Jude Okoro, Calabar The Federal Government has decried the incessant communal clashes between Ukelle community in Yala Local Government Area of Cross River State and their Izzi neighbours in Ebonyi State. The government said crisis has not only affected the farming communities, but has far-reaching consequences on food security in the country. Read also: Anambra…
Accolades are flowing for President Muhammadu Buhari for doing what is obviously “the needful” as it relates to the June 12, 1993 presidential election. For declaring June 12 as Democracy Day and also recognising, more or less, the late Chief Moshood Kashimawo Abiola as winner of the election, the president deserves all the praises. He has, figuratively, done what Napoleon could not do.
Nigeria has had presidents, from 1999, when democracy was restored. These former presidents knew the story of June 12. They knew how sentimental Nigerians are about June 12. They knew that on June 12 the majority of Nigerians stand. However, Chief Olusegun Obasanjo, Umaru Musa Yar’Adua and Goodluck Jonathan, for reasons best known to them, did not do anything to address the injustice that was the annulment of an election that unified the country. They refused to address a national question, which would have made a statement to the effect that injustice should not prevail, no matter the circumstance.
Those who say President Buhari’s decision to address the June 12 question was anchored on politics are talking to themselves. The question remains: Is it politics to right a wrong? If righting a wrong is politics, then politics is good. What it means is that Buhari has played better politics than previous presidents of the country. Annulment of June 12 presidential election was not only wrong but also an injustice done to Nigeria as a country, Nigerians as a people and Abiola as a person. It was an injustice that needed to be redressed, to prove that evil will not always prevail against good.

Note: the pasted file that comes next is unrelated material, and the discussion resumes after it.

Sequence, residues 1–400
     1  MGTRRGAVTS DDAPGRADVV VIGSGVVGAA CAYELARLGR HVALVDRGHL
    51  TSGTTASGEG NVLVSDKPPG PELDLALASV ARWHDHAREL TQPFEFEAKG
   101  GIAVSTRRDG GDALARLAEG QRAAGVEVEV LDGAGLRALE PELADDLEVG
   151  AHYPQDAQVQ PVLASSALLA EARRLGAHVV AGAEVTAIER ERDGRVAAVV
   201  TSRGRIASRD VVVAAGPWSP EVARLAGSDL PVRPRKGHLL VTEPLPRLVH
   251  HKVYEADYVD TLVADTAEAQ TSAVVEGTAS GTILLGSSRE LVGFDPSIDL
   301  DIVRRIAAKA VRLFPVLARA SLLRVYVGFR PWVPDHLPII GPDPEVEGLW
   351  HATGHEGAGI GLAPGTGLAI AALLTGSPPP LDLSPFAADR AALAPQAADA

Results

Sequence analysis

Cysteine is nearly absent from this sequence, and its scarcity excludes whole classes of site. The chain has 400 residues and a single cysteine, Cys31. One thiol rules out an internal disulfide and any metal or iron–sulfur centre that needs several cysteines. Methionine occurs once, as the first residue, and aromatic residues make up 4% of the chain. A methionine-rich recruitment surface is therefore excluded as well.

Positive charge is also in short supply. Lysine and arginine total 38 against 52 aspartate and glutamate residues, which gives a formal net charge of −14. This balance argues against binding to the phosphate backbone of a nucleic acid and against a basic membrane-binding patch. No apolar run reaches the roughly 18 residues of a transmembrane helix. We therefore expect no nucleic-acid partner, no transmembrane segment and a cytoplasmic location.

The redressing of June 12 mistake was a great opportunity presidents before Buhari missed lost.
Obasanjo, in eight years, had everything going for him and could have done something about June 12. He did not. Yar’Adua, in three years, could not do it. It is a matter of conjecture to assume that, had Yar’Adua not died, he could have done something. Jonathan, in five years, had the opportunity to make things right. He did not. By doing it now, no matter the reason, Buhari deserves everybody’s commendation. He scored the bull’s eye. Whether he reaps political capital of it or not is left for providence to determine.
Like him or hate him, Buhari is right to recognise June 12. He is right in recognising Abiola and others who played one good role or another in the election. He is right to confer a posthumous national award of Grand Commander of the Federal Republic (GCFR) on Abiola. He is right to award the national honour of Grand Commander of the Order of the Niger (GCON) on Abiola’s running mate, Alhaji Babagana Kingibe. He is right to have also awarded posthumous national honour of Grand Commander of the Order of the Niger (GCON) on the fearless lawyer, Chief Gani Fawehinmi. These actions may not make him a saint, but they do make a lot of difference.
The annulment of the June 12, 1993, presidential election was a disservice to Nigeria as a country. It was a coup against Nigeria and its people. The annulment was an opportunity lost to have a unified Nigeria, which could have been an antidote to the current fragmenting of the country along ethnic and religious lines.
On June 12, 1993, Nigerians went to the polls and spoke with one voice. Abiola, the presidential candidate of the Social Democratic party (SDP), was a Yoruba men and a Muslim. He picked an Hausa/Fulani from the North as vice presidential candidate, also a Muslim. On the D-Day, Nigerians, in voting, did not see Yoruba. They did not see Hausa. They did not see Islam. They only saw a presidential candidate with mass appeal, a man they considered a good candidate. They saw only Abiola and his good works. And they voted for him overwhelmingly nationwide.